McGovern Family is Writing its own Research Story

Writers Loretta and Dave McGovern are hoping for a happy ending when it comes to research for their son, Cavan. In April of 2018, Cavan was diagnosed with Kearns Sayre Syndrome (KSS). Over the past year, Cavan’s eyelids began to droop considerably, causing many to point out how incredibly exhausted he looked. The drooping (ptosis) became so severe that Cavan had to tilt his head back to see. Cavan also was not growing or putting on weight because he was not producing growth hormones. He struggled physically, often growing fatigued very quickly with exercise or after basic actions, like sitting up at his desk in school.

After trips to ophthalmology and neurology, Cavan was sent for a brain MRI which showed a considerable change in his brain matter since his last brain MRI 2 years before. The brain scan indicated KSS–a disease they–and many of his doctors–had never heard of.  They were told to get Cavan to a hospital for a heart evaluation within 24 hours. It was the most terrifying period of their lives. KSS was confirmed this past April through genetic testing.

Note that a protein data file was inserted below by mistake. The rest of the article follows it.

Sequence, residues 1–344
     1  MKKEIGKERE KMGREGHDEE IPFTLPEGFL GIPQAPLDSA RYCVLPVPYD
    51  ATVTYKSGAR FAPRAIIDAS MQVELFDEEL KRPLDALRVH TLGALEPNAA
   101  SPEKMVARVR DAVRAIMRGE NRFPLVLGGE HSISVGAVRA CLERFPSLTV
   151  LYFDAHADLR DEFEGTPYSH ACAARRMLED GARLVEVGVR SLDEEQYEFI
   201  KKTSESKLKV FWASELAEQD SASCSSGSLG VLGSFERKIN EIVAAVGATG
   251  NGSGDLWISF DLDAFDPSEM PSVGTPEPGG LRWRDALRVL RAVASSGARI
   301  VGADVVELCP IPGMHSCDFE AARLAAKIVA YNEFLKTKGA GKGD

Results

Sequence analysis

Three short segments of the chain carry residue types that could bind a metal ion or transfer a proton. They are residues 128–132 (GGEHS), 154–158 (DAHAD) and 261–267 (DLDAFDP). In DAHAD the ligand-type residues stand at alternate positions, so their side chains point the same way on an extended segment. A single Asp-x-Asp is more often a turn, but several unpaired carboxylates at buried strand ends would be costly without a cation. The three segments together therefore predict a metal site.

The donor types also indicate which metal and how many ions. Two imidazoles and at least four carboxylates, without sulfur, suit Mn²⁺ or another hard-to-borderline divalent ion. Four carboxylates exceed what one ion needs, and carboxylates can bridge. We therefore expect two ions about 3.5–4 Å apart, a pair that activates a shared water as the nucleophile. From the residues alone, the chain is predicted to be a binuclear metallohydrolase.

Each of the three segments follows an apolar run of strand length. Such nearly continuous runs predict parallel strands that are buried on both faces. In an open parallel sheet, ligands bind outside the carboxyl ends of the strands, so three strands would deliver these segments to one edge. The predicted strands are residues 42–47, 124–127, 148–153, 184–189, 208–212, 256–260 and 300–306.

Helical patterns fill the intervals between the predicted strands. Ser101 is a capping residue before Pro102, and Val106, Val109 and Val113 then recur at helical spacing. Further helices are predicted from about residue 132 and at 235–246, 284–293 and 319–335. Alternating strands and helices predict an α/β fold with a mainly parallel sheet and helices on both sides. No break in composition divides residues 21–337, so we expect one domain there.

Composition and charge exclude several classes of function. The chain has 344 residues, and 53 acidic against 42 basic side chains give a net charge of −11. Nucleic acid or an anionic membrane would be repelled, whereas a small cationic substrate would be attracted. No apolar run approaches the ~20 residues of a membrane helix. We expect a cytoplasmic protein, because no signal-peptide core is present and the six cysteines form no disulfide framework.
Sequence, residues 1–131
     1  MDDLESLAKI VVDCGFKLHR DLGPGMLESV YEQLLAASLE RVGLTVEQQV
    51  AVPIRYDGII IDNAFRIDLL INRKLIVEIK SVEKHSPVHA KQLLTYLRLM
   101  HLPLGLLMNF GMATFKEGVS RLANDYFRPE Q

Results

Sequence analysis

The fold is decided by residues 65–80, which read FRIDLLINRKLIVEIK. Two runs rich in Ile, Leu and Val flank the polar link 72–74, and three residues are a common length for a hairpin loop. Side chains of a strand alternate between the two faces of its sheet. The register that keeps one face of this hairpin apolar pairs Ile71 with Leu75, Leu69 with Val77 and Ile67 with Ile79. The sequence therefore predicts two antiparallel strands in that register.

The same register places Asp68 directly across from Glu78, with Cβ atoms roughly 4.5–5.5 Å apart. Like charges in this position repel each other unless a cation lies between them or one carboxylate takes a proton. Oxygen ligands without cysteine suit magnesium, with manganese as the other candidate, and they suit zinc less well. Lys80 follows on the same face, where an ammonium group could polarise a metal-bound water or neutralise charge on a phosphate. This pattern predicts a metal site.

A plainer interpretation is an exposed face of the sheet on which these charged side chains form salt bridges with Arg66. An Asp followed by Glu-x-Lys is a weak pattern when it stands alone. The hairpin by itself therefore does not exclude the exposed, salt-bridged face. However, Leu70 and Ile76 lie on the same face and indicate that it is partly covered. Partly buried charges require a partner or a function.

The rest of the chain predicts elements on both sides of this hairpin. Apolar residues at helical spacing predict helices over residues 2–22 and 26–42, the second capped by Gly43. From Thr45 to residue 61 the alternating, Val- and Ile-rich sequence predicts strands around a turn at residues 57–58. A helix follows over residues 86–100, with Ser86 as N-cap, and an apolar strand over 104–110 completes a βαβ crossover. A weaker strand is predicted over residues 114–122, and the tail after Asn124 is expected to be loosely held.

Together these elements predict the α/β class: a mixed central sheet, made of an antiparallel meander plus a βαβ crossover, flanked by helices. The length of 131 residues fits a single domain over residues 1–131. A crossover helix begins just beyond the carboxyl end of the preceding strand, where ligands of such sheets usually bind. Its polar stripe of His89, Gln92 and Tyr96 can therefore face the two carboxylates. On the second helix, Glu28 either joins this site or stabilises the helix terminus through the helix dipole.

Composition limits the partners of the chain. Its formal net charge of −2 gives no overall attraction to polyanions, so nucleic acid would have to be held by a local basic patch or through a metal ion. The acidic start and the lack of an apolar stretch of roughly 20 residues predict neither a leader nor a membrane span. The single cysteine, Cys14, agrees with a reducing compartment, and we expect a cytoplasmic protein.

Since diagnosis, Cavan has had surgery on his eyes to help correct the ptosis so that he can see, and he has lost hearing, requiring hearing aids. He must take supplements, daily shots of growth hormone and be followed closely by specialists for his heart, lungs, ears, eyes, etc.  The McGoverns are fortunate to live so close to New York City and be able to see one of the top mitochondrial specialists in the world at the mito clinic at Columbia Presbyterian Hospital.

After learning about KSS and its impact on patients like Cavan, Dave and Loretta committed to raise $150,000 to fund a research grant to provide the world’s top mitochondrial scientists with the support they need to perform breakthrough research on KSS.   Amazingly, the McGovern’s raised more than $100,000 in just 83 days.  “Because of the McGoverns’ dedication to this project, UMDF is now able to move fast to connect to the best research that may provide  a breakthrough with KSS,” said Beth Whitehouse, Director of Development for UMDF.